by Christina Sandefur
You may have been following our work in support of Arizona’s Home-Based Business Fairness Act, which puts an end to the patchwork and outmoded zoning, licensing, and permitting requirements that Arizona cities are imposing on people who start businesses from home. Under the Act, home-based businesses that don’t cause disruption to the residential area aren’t required to obtain a costly and time-consuming home occupation license or permit. Local governments can focus their limited resources on mitigating nuisances through health and safety regulations; building codes; and traffic, parking, and noise ordinances.
M. Nolan Gray, an expert in city planning, and Olivia Gonzalez, research associate for the State and Local Policy Project for the Mercatus Center at George Mason University, published a paper last year called Making Room for Home-Based Businesses: A Survey of 12 Zoning Ordinances. The paper explains the economic importance of home-based businesses and how outmoded or unnecessary ordinances are burdening people who work from home.
Home-based businesses empower entrepreneurs to start businesses from their homes, earn and save money, maintain a flexible schedule, and realize their dreams of self-employment. Lawyers, psychologists, furniture repairmen and data entry technicians all work from their homes. In fact, according to the U.S. Census Bureau, in 2007 more than half of surveyed businesses were operated primarily from someone’s home. Home-based businesses also help make our economy run. Apple and Disney were both started in garages. But as Gray and Gonzalez note, companies like Hewlett-Packard, Disney, and Amazon might never have come into existence if they had to face today’s growing local restrictions on home-based businesses.
Through their research, Gray and Gonzalez found that the costs of complying with regulations are higher for small businesses compared to larger businesses – while some home-based businesses are able to bear those costs, others are put out of business or unable to get off the ground. Some homeowners are unaware of zoning requirements and other regulations until city officials impose stiff penalties or force them to cease operating, and still others operate their home-based businesses completely underground because the regulations are too confusing or severe.
The study then looks at 12 U.S. cities representing diverse geographic areas, analyzing how officials deal with home-based businesses. Gray and Gonzalez found that many cities try to discourage nuisance while accommodating home-based businesses by listing those businesses that are permitted in residential areas. But government officials can’t possibly know all of the enterprises that people will pursue from home in the future, and the lists quickly become out-of-date. For example, some of the surveyed cities broadly restrict or ban home-based businesses but make special exceptions for such outmoded professions such as millinery and clock repair.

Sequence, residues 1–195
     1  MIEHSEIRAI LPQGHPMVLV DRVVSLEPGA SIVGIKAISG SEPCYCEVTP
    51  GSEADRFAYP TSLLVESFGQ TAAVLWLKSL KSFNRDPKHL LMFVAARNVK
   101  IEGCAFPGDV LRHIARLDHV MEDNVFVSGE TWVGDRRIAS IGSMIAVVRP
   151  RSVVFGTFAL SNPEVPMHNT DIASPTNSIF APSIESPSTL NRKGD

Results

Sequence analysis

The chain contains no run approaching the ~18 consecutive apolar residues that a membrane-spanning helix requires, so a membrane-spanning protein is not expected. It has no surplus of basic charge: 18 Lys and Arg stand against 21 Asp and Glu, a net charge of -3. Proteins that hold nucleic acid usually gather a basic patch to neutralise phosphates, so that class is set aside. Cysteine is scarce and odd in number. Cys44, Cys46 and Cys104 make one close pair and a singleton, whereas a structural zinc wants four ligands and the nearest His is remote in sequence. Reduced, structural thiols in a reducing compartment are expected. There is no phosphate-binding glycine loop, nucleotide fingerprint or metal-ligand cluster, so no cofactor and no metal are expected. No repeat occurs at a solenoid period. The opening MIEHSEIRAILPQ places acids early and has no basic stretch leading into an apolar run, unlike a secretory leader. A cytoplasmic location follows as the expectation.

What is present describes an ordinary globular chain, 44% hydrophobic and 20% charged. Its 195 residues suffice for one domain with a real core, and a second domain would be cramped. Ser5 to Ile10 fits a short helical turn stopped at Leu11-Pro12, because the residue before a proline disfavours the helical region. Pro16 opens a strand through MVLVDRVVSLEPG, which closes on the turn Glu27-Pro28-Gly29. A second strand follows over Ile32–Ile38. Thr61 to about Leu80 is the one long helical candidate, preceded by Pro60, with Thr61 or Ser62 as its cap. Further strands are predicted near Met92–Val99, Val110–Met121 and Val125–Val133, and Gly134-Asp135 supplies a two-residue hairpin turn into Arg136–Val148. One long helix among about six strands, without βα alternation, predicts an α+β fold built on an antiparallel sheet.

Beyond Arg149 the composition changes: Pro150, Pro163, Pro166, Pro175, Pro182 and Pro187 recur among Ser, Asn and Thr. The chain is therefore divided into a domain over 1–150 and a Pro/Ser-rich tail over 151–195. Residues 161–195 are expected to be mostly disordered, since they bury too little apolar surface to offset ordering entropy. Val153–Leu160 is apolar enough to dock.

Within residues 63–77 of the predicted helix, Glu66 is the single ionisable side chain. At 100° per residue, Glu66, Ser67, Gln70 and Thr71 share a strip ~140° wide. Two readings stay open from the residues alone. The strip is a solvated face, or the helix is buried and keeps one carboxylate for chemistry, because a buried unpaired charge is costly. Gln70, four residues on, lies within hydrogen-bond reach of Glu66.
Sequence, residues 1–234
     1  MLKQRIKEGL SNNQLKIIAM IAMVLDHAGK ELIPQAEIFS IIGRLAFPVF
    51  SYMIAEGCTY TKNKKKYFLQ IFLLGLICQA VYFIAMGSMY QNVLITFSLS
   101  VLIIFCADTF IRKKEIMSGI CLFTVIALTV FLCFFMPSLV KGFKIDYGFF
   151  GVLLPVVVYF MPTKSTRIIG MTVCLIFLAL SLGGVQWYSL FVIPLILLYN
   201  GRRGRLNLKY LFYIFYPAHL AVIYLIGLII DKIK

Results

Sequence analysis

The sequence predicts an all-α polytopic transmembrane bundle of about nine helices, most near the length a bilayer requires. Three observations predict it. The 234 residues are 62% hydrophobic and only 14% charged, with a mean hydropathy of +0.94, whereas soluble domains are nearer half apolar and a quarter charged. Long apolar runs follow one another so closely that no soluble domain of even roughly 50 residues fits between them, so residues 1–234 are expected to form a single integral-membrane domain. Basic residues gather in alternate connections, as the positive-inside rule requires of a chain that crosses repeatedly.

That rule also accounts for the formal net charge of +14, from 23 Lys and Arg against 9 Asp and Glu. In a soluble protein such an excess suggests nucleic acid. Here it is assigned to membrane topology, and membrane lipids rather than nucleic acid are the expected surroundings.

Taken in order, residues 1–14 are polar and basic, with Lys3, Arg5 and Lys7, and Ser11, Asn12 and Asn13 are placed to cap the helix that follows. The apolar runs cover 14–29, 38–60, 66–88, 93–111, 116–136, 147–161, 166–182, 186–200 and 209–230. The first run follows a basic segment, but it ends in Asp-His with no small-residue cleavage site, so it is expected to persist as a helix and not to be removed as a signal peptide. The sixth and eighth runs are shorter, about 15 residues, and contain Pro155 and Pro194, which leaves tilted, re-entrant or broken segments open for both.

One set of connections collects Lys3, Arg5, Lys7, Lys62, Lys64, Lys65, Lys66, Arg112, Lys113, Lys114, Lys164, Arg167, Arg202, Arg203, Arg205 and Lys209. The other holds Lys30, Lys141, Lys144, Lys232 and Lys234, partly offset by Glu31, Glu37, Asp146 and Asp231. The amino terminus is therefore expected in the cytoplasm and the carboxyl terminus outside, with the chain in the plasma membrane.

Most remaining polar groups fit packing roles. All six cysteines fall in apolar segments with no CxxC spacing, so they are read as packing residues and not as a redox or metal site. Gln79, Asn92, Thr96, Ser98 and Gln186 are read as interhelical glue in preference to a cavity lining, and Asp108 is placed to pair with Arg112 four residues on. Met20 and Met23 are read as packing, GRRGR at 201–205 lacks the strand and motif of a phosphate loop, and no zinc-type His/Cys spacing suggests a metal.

Many cities also restrict the number of employees and clients that can visit the home-based business. Surprisingly, many cities even prohibit home-based businesses from employing off-site nonresidents. Chandler, Arizona, resident Kim O’Neil ran afoul of a similar restriction when she tried to run a quiet, unobtrusive medical billing business that helped doctors and patients, and provided flexible jobs to women – only to be shut down by city officials because she employed people who didn’t even work out of her house.
But Gray and Gonzalez found that not all cities take this heavy-handed approach. For example, San Diego explicitly allows low-impact home-based businesses to operate without obtaining government permission and only requires permits for high-impact home-based businesses.
With the Home-Based Business Fairness Act, Arizona lawmakers have an opportunity to promote common-sense, modern, and flexible employment across the state while protecting neighborhoods.
Most neighborhoods already have multiple home-based businesses that operate without disturbing anyone – and those are the practices this bill will protect. Cities that shut down home-based businesses often complain about traffic or neighborhood parking, but there are already rules on the books addressing such concerns. Banning home-based businesses out of fear that some might lead to disruptions is like banning all backyard barbecues because some parties get loud.
Rather than imposing counterproductive and discriminatory rules on people who work from home – stifling entrepreneurship and encouraging neighbors to spy on one another – the Home-Based Business Fairness Act strikes a fair and effective balance, letting Arizona cities focus on keeping communities safe rather than punishing people who happen to run a business from their home instead of from an office.
Christina Sandefur is Executive Vice President at the Goldwater Institute.